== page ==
Mexican and Mexican American women have written about Texas and their lives in the state since colonial times. Edited by fellow Tejanas Ines Hernandez-Avila and Norma Elia Cantu, Entre Guadalupe y Malinche gathers, for the first time, a representative body of work about the lives and experiences of women who identify as Tejanas in both the literary and visual arts.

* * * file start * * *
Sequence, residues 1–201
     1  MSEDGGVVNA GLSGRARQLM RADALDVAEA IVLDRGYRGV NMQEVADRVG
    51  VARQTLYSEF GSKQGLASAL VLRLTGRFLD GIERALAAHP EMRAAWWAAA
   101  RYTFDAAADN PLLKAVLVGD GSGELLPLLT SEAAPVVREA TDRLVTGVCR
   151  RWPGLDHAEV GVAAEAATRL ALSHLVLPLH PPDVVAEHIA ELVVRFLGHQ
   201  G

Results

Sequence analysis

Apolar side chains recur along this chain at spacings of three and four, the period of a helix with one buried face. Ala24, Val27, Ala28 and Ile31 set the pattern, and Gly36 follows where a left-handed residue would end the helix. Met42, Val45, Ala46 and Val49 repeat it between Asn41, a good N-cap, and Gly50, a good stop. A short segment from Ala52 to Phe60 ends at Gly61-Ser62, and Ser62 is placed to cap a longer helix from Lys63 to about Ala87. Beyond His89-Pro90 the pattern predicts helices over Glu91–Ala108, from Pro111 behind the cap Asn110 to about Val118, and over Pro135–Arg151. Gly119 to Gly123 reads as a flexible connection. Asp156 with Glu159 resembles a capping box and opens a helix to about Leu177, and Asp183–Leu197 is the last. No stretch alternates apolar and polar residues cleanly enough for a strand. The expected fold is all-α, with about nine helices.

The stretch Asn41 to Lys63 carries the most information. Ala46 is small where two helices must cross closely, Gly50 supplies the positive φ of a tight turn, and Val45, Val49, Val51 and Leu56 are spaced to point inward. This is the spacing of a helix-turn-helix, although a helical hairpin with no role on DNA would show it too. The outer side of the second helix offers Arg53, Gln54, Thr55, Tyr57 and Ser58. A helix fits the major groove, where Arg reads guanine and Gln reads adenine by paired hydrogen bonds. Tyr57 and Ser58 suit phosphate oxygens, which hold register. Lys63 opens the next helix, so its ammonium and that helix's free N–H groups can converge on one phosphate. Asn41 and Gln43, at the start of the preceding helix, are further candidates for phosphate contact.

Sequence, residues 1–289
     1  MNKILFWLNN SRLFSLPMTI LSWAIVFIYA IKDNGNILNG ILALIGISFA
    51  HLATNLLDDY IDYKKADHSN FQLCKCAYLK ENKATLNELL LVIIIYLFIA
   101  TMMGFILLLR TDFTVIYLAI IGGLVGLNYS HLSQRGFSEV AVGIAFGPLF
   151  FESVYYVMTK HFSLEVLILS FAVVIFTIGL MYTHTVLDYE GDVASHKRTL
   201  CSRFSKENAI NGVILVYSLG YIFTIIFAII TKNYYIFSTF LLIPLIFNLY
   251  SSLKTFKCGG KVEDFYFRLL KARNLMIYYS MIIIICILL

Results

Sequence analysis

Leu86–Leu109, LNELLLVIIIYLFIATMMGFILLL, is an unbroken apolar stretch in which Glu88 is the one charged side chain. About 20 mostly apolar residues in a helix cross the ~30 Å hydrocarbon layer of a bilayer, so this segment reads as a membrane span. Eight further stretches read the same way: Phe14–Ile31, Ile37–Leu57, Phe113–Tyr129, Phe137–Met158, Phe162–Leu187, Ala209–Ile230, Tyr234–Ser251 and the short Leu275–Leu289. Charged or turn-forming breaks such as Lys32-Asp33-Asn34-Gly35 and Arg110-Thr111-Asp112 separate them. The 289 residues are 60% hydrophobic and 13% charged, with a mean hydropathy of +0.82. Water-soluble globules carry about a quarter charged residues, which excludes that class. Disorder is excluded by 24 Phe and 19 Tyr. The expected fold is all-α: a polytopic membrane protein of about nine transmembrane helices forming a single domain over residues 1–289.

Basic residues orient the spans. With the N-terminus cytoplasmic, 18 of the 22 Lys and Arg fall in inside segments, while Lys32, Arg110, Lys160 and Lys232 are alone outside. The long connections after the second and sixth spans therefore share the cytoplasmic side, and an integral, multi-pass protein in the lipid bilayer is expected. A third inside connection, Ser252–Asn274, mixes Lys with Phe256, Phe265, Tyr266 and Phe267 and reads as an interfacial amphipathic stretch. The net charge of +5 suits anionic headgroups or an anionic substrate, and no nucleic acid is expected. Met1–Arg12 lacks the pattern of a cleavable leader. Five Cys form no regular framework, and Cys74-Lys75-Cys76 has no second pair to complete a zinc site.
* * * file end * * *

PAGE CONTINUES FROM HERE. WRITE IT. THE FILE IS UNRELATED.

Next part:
The writings of more than fifty authors and the artwork of eight artists manifest the nuanced complexity of what it means to be Tejana and how this identity offers alternative perspectives to contemporary notions of Chicana identity, community, and culture. Considering Texas-Mexican women and their identity formations, subjectivities, and location on the longest border between Mexico and any of the southwestern states acknowledges the profound influence that land and history have on a people and a community, and how Tejana creative traditions have been shaped by historical, geographical, cultural, linguistic, social, and political forces. This representation of Tejana arts and letters brings together the work of rising stars along with well-known figures such as writers Gloria Anzaldua, Emma Perez, Alicia Gaspar de Alba, Carmen Tafolla, and Pat Mora, and artists such as Carmen Lomas Garza, Kathy Vargas, Santa Barraza, and more. The collection attests to the rooted presence of the original indigenous peoples of the land now known as Tejas, as well as a strong Chicana/Mexicana feminism that has its precursors in Tejana history itself.